The recent return of this “little big band” to action remains great fun -- and finally the Micros' inevitable Monk tribute is in our hands.
When the legendary jazz pianist Thelonious Monk died in 1982, a flood of interpretation flowed from musicians left behind. Monk had left everyone behind for the bulk of his life, as his playing always forged a forward path. He was a genius in the ‘40s, he was starting to be understood in the ‘60s, and then he was gone, leaving a legacy of tunes that miraculously embody his quirks, joy and difficulty.
In 1982, The Microscopic Septet was just getting going, but they were Monk-ians from the start. Soprano sax specialist Phillip Johnston was finding himself amidst the legacy of soprano-ist Steve Lacy, a critical modern acolyte of Monk. Pianist Joel Forrester was navigating the craggy intervals of the master’s solo style. And both were composing smartly Monk-ian tunes of their own. Their new band, the four saxophones plus rhythm that New Yorkers came to call “The Micros”, developed a reputation as danceable jazz pranksters. Monk would have approved.
If you went to see The Micros in their prime -- say 1982 to 1992 -- you surely would have heard one of Johnston’s or Forrester’s Monk arrangements. But the band, in the studio, was known for its own material, so only one Monk tune appeared on the band’s four recordings. The band packed it in come 1992.
But 2006 brought the reissue of the band’s catalog, followed by a reunion and 2008’s Lobster Leaps In. The Micros are back? Sheeee-it! Jazz had a chance to laugh again, to swing and shout at the same time.
Now we have yet another new -- or sort of new -- document from Johnston/Forrester and crew: a set of their Monk arrangements, freshly recorded with the latest version of the band. They sound great. If you don’t know them (or don’t know Monk), then dig in.
The charm of The Micros has always been their joyous, unself-conscious collage of different jazz styles. They are a kind of sleek swing band one moment, a Latin jazz group the next, a group of ‘60s avant-eek-onkers just a moment later. And it’s all played with the kind of zippity zest that keeps things entertaining. That is the just the treatment that Dear Ol’ Thelonious gets here.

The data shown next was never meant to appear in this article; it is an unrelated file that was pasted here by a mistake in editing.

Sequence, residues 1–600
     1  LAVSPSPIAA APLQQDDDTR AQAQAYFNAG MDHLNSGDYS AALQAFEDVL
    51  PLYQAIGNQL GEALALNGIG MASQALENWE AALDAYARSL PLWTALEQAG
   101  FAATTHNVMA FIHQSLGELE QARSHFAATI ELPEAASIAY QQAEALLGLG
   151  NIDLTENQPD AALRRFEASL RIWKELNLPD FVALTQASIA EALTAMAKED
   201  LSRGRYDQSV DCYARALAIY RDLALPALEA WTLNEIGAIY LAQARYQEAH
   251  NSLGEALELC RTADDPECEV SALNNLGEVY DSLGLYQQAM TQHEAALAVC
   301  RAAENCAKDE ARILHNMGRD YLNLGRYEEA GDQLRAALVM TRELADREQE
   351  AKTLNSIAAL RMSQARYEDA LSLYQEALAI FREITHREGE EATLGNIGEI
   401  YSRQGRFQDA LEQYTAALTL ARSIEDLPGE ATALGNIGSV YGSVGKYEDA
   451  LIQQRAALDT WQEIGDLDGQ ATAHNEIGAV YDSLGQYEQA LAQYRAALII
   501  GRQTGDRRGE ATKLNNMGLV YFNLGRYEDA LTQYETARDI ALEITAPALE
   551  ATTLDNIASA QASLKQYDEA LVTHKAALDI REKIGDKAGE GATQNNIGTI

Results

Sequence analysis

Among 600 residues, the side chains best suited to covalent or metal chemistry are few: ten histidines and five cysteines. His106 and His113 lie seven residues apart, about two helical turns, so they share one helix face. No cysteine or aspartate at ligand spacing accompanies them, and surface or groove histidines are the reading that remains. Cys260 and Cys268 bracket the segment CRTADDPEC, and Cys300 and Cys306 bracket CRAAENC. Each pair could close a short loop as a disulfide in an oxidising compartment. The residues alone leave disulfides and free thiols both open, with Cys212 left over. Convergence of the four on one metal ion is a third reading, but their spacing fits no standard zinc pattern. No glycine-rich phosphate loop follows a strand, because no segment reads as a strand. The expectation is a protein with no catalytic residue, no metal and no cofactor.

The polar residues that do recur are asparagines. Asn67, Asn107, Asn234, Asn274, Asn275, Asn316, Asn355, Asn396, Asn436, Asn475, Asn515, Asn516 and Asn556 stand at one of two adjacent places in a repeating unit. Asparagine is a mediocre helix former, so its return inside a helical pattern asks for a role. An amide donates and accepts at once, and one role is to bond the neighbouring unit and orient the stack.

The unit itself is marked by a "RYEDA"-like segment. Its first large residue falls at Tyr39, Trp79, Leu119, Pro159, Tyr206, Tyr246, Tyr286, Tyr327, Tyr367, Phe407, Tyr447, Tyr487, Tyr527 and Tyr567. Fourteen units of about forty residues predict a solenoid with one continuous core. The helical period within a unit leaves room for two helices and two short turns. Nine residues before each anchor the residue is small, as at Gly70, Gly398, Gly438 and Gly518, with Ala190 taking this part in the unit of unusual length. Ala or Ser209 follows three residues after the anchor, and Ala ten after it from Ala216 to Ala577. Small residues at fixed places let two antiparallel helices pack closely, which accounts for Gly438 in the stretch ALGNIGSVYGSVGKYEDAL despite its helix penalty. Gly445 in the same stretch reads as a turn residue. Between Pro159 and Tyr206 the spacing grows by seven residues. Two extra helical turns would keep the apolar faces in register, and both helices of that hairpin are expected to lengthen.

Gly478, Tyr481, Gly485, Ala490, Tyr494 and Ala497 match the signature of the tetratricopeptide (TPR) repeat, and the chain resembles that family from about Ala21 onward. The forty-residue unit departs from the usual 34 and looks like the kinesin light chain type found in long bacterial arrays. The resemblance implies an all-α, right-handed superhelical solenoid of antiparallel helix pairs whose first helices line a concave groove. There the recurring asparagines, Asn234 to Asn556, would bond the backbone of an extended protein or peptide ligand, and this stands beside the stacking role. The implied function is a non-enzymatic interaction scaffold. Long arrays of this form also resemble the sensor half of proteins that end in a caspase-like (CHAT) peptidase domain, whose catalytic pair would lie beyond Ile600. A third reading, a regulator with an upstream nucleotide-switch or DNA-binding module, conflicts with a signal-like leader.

So “Pannonica” starts out with a stuttering piano/drums figure before settling into a slowly swinging ballad. After the solos, the horns join the initial figure, and then the final minute becomes a patterned saxophone freak-out that resembles a horde of birds settling in for the night. "Wee See” becomes a loping tango, and “Bye-Ya” gets a ringing Latin workout as well, with each improvised section carrying a different kind of groove: a thrilling baritone solo by Dave Sewelson over David Hofstra’s bass, piano and alto (Don Davis) in duel, swing underneath the soprano and Mike Hashim’s tenor. “Friday the Thirteenth” is stated originally over a drum feel defined by only sticks hitting sticks, with baritone sax playing the bass line.
All this creativity in approaching a quirky composer! But is there something that binds it all together? Is there something that makes it “Microscopic” at its core beyond its wide-ranging randomness? This is the $9,000 Micro-question.
First, it’s fair to say that the Microscopic Septet, at its core, sits atop a traditional piano trio sound. Forrester, Hofstra, and drummer Richard Dworkin play much more like a Nat Cole group or a Red Garland trio than they do like McCoy Tyner, Herbie Hancock, or any of the hot hands of today. This is critical. On a tune like “Brilliant Corners”, the basic rhythm groove is tidy and light, precise but not explosive. The move from a stroll to double time and then back to a more a-rhythmic feel under the head feels like clockwork. Even on a tune like “Gallop’s Gallop”, where the trio enters with a military beat, they play with a neatness that never evolves into the fiery.
But on this same tune, we hear the other distinct element of The Micros. The reed section -- the rarely heard collection of one each of soprano, alto, tenor and baritone -- plays with a controlled freedom. Johnston’s soprano solo has a casual looseness that is just the opposite from the style of the rhythm section. On “Teo”, the first solo by tenor man Hashim, it is outright growling and honking, even as Dworkin’s accompany drum groove is perfectly circumscribed and planned. This tart/sweet quality is a great deal of what gives this band, and this recording, its sense of play.
What The Micros lack, perhaps, are truly distinctive soloists. Even the leaders, Forrester and Johnston, do not truly sweep up the listener in the arc of their improvisations. Don’t get me wrong -- this is a band that can blow, but it’s rare that more than one or two statements on a Micro record really seem to tell a compelling story or truly sweep you up in excitement. All the tunes on Friday the Thirteenth are around five minutes long, with multiple soloists on most tunes, so the musicians don’t stretch out much -- chicken or egg? Either way, it confirms that The Microscopic Septet is best thought of as a composer/arranger showcase.
In that role, The Micros are ideal interpreters of Thelonious Monk, even if their tribute comes so many years after the fact. It’s a nice, quirky piece of work, just like it ought to be.